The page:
For travelers with disabilities visiting Colombia, there are a number of wheelchair accessible hotel rooms in Bogota.

I have personally stayed in two different Bogota hotels, each of which had different accessibility benefits and drawbacks. I have included information and pictures of both hotels here, and encourage you to share details of others in the comments below. Please note that this is not a complete list of accessible hotels in Bogota, only those which I have stayed in and verified.

Grand Hyatt Bogota

The Grand Hyatt Bogota hotel is located off El Dorado Drive, a major thoroughfare, and within close proximity of downtown Bogotá and the international airport. It is directly across the street from the CAN TransMilenio station, a bus terminal offering wheelchair accessible connections to the city and airport.

Guest room with two twin beds at the Grand Hyatt Bogota.
Guest room with two twin beds at the Grand Hyatt Bogota.

My accessible guest room had two twin beds, but there are also accessible rooms with a king bed and one accessible suite at the property. The bed height measured 20-21 inches and there was no space under the bed to accommodate a lift.

The bathroom featured a toilet with grab bars, as well as a roll-in shower with grab bars and a wall-mounted shower seat that could be moved to different points in the shower.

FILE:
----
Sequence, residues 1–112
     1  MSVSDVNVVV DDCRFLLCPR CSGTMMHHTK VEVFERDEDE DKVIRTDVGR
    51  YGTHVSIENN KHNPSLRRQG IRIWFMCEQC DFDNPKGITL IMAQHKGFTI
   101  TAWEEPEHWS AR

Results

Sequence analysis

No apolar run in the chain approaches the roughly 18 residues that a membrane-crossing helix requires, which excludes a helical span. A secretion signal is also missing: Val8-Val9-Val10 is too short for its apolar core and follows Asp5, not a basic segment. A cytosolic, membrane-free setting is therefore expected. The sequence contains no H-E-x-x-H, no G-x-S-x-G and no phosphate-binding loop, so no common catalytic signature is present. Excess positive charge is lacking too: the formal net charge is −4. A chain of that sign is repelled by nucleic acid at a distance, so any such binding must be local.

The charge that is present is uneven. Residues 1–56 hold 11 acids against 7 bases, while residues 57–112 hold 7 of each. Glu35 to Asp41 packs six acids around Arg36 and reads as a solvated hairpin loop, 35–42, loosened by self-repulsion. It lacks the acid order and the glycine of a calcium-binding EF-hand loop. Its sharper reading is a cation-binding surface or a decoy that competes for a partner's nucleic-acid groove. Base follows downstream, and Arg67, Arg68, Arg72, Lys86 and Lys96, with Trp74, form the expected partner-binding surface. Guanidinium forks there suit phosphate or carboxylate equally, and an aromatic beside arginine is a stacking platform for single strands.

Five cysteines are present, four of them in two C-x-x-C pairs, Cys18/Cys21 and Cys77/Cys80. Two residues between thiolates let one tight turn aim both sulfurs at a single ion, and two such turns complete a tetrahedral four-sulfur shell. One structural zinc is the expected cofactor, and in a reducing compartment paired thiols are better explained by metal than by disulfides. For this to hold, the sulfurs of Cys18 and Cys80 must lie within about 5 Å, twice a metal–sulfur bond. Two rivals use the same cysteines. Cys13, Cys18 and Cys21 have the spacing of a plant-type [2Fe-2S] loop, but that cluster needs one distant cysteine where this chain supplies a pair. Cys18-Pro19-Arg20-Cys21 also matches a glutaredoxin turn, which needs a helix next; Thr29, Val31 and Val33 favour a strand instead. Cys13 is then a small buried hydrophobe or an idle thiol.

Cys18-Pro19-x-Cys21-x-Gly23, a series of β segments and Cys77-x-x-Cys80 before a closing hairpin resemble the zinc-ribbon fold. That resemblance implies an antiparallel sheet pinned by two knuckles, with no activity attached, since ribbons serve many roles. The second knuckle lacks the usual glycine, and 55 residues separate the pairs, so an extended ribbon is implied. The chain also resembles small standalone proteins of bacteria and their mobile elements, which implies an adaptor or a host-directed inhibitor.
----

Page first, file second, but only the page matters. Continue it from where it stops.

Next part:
To read my complete review of the Grand Hyatt Bogota hotel, click here.

Sheraton Bogota Hotel

The Sheraton Bogota Hotel is located along El Dorado Drive, about 2.5 kilometers closer to the airport (and farther from downtown Bogota) than the Grand Hyatt hotel. It is located across the street from the Avenida Rojas TransMilenio bus station, which provides connections to the airport and downtown. The hotel is one of the most affordable full-service hotels in Bogota, and offers a limited number of adapted rooms.

King size bed at the Sheraton Bogota Hotel.

My accessible hotel room had a king size bed that measured 27 inches from the floor to the top of the mattress. There was 4 inches of clear floor space underneath the bed to accommodate a patient transfer lift.

The bathroom featured a toilet with folding grab bars. The roll-in shower had a fairly traditional rectangular design with grab bars mounted on the wall and a handheld showerhead. The hotel did not have a shower chair, and was only able to provide a plastic lawn chair.

If you decide to stay at a hotel not listed here, be sure to ask questions about everything—door width, thresholds, shower/tub set-up, bed height, grab bars, shower chairs—to avoid a surprise when you arrive.